Eight administrative prisoners are currently on a hunger strike, four of them hospitalized at the medical wing of Ramle prison, an East Jerusalem-based NGO said Saturday, following attorneys' visits to the prisons. The Prison Service says only seven prisoners are on hunger strike.
The Palestinian prison aid group Addameer reported over the weekend that eight administrative prisoners were on hunger strike in various Israeli prisons. The strikers include Tair Halala of the Hebron area and Balal Diab of the village of Rai near Jenin, who have been hunger-striking for 48 days in demand to be freed; Hassan Safdi of Nablus, who has been on a hunger strike for 41 days; Omer Abu Shlal, who has been striking for 40 days; Ahmed Sakar, the most veteran administrative prisoner, who began his hunger strike 28 days ago and two prisoners from Jenin and Nablus, who have been on hunger strike for 24 days.
The Prison Service said it knows of seven prisoners on hunger strike, four of whom are hospitalized in the Ramle prison medical wing, receiving fluids intravenously.
As far as the length of the strikes, the Prison Service said the longest one has been going on for 27 days.
The hunger strikes have gained momentum among administrative prisoners following the campaigns conducted by two high-profile prisoners in recent months. In December, Islamic Jihad operative Khader Adnan went on a hunger strike to protest Israel's administrative detention policy - a provision allowing the state to hold detainees for an unlimited time without trial or formal charges. Adnan ended the hunger strike in February, after 67 days, having struck a deal with the state to release him at the end of a four-month prison term. He is due to be freed in a few days.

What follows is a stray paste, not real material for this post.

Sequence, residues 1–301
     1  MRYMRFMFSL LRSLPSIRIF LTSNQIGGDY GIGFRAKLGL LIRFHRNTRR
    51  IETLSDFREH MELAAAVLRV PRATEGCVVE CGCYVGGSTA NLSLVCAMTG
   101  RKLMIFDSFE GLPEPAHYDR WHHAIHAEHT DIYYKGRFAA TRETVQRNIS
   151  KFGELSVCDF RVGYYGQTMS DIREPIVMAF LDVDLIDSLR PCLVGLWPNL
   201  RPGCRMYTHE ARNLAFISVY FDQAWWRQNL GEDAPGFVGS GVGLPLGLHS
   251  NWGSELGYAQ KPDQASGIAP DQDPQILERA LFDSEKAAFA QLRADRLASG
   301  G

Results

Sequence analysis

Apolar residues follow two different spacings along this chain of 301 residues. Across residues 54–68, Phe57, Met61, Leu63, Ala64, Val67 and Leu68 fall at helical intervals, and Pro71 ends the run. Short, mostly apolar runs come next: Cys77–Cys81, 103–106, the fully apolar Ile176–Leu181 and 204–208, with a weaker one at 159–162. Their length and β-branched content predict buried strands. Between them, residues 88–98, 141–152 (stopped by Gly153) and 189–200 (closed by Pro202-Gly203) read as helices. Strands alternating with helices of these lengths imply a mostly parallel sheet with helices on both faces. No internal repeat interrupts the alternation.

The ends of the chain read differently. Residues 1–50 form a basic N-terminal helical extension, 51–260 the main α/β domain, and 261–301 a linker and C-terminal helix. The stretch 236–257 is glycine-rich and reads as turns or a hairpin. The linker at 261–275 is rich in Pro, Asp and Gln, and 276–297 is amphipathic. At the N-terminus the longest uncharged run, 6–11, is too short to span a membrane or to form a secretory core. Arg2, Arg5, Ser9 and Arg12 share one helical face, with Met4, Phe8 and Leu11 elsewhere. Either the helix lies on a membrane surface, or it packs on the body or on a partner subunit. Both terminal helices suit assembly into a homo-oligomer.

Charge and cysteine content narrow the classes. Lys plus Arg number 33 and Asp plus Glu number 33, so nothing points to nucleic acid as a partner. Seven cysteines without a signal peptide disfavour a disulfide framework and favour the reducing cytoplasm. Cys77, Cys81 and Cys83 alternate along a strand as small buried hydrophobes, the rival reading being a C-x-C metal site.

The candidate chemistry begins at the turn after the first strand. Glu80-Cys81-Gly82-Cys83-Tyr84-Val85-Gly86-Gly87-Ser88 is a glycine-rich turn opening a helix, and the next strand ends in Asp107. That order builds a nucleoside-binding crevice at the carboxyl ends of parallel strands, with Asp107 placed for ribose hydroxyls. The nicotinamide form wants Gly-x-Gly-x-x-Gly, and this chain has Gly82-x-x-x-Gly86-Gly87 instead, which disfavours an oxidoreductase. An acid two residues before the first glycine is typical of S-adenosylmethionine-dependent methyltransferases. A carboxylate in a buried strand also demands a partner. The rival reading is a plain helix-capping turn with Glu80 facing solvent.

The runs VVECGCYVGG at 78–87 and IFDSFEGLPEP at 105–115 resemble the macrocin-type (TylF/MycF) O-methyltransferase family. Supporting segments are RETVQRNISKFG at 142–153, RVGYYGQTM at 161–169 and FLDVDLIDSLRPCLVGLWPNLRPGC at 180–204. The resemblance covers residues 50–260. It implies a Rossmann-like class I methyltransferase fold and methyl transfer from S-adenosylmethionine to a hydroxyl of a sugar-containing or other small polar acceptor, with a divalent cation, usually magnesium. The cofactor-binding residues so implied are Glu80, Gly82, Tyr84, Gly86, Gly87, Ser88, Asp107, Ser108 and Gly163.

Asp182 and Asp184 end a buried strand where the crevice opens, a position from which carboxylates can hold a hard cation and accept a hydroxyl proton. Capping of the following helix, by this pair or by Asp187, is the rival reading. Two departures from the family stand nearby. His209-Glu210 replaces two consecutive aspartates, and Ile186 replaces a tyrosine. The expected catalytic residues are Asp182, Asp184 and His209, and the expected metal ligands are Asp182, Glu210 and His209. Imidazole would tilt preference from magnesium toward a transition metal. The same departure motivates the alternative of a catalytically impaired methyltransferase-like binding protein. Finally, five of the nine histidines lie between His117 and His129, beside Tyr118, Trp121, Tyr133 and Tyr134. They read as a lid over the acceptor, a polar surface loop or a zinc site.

Hana Shalabi, another Islamic Jihad operative, stopped eating after Israeli troops seized her in the West Bank on February 16. She ended her strike after 30 days, and under an agreement with the state was freed and deported to Gaza, where she must stay for three years.
Adnan and Shalabi's campaigns gained international support, and human rights groups in Israel and the world asked Israel to release the two and stop the administrative detention procedure altogether.
The Palestinian Authority has also stepped up activity in support of Palestinian prisoners, with the PA's minister of prisoners' affairs, Issa Karake, calling to form an international panel to probe the issue. Karake, who spoke at a conference of the UN's Human Rights Council in Geneva, also urged the international community to pressure Israel to put an end to the administrative detention policy.
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